The igaware model is the future

I spent a few minutes this morning searching for the name of a product I’d come across a few years ago. Finally, it came to me, Igaware (new window).

I think the Igaware model is really the way of the future for Small Business IT. To put it simply, Igaware supply a server which has all the basic functionality required by the average small business. It includes your basic things like:

  • Email server including webmail
  • Shared calendars and address books
  • Virus scanning, firewall protection, etc
  • File sharing, backup, and so on

But that’s not particularly significant. What is significant is the business model. You rent the server. You lease what’s known in the trade as a “managed server”. That means, igaware look after it for you, although it’s physically located in your office.

It makes perfect sense really, the supplier has several hundred, or if my predictions are right, potentially several hundred thousand, servers which are identical. So they can easily roll out updates across them all, having thoroughly tested the update in advance. They can provide excellent, first class support, because they know exactly how the box will perform in any given situation. The model also guarantees reliability. With thousands of identical machines, it’s much easier to make sure they’re all reliable than make sure that thousands of different servers are all equally reliable.

I think the future of small business IT will be based around a product like this. Having said that, i don’t think it will be igaware, have a look at their web site (new window), have you ever seen anything more in need of a face lift?

6 thoughts on “The igaware model is the future”

  1. Hi,
    I am looking for similar devices to offer as a solution. How good is the igawe device and more importantly, are there any similar products / competition I should be pitting them against.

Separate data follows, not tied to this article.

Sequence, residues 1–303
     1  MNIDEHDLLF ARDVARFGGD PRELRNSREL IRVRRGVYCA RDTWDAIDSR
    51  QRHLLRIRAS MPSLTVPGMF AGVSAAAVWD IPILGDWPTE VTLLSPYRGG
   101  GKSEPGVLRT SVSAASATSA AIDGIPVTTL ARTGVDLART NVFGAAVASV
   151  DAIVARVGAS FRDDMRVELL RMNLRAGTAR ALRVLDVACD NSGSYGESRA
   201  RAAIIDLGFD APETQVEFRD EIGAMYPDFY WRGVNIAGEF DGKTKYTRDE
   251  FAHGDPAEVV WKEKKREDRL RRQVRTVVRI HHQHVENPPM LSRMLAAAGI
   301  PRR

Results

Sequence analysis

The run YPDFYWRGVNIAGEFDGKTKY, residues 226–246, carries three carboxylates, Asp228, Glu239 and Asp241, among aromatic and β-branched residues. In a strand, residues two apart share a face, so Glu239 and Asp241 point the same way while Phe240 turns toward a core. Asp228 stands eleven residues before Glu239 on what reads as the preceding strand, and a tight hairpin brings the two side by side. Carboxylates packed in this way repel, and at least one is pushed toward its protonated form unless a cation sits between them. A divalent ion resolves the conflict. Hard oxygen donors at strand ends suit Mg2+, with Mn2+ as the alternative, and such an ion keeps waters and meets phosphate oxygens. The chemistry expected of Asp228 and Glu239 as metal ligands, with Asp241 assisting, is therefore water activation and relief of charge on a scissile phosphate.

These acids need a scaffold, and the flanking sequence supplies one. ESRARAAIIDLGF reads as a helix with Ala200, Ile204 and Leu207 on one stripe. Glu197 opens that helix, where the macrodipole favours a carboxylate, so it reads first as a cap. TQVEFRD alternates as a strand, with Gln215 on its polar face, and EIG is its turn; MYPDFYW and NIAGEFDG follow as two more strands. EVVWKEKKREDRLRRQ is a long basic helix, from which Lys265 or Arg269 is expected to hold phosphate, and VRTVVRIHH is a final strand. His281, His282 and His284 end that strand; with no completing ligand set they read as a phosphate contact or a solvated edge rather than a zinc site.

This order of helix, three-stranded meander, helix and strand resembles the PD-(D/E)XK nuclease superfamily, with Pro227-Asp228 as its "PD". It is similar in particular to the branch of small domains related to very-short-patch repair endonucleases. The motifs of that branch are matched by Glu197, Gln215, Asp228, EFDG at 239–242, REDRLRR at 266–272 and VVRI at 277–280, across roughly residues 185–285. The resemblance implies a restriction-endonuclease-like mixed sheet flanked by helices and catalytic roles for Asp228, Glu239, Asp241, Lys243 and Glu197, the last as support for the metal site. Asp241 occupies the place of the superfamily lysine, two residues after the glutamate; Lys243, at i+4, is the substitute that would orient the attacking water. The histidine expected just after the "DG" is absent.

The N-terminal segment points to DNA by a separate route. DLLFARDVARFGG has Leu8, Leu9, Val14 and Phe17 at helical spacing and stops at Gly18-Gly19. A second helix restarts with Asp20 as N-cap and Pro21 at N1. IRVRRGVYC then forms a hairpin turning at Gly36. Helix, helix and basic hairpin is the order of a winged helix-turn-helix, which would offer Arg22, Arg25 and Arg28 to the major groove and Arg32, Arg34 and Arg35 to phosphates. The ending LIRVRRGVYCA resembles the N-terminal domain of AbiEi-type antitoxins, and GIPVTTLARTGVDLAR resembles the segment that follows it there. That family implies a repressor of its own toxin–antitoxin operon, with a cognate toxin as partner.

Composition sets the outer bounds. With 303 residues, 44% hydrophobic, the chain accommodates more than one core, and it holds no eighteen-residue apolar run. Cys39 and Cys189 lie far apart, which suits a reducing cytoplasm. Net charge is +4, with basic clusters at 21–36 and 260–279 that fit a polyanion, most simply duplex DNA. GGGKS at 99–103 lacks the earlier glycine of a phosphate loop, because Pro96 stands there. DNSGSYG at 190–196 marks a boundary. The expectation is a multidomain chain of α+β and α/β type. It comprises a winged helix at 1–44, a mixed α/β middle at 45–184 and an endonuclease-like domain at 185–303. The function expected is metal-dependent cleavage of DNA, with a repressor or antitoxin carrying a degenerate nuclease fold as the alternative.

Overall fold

1. Wow, there’s a blast from the past. That post is just over 7 years old, one from the early days of the blog. Alas, my prediction appears to be wrong. It seems like the model that’s winning is off-premises, software as a service. The likes of DropBox, Google Apps, and other hosted solutions seem to be taking over from either self or outside managed, on-premises hardware. I suppose it makes sense in these changed days of connectivity. With internet access being so widespread, why locate the physical hardware close to the customer, with all the associated complications of replacement / upgrade / etc, when you can locate all the hardware centrally and allow users to tele-commute in from any location on the net.

      Anyway, glad to hear Igaware is going strong. It’s a great business model, so long as you can manage the churn rate, and keep some new customers coming in, you’ll have a very attractive revenue model.

  2. Funnily we have quite a number of customers who have come to us following poor experiences in ‘the cloud’.

    SAAS is actually helping us build market share as people realise cloud computing is infact just hosted computing with a new name, and it isn’t as straight forward, and as cheap, as vendors make out. Cloud has it’s place, but it’s a show stopper when the Internet goes off, or the ‘data centre’ gets hit by the latest storm, or an employee at the data centre steals your data, or the vendor ties you in legal contracts making any divorce very painful.

    Having your data secured in ‘the Cloud’ called the ‘server room’ is hard to beat, especially when it’s done in a way that is more robust, secure and easy.

    1. I admire your optimism, and I can see that as a result of the trend towards “cloud computing” you’re gaining some market share as a small player. But compare Igaware Ltd with Dropbox Inc who took on $7.2m in a round led by Sequoia Capital. There’s no competition. The trend is to “the cloud”. Igaware is a neat lifestyle business, while businesses like Dropbox are disruptive.

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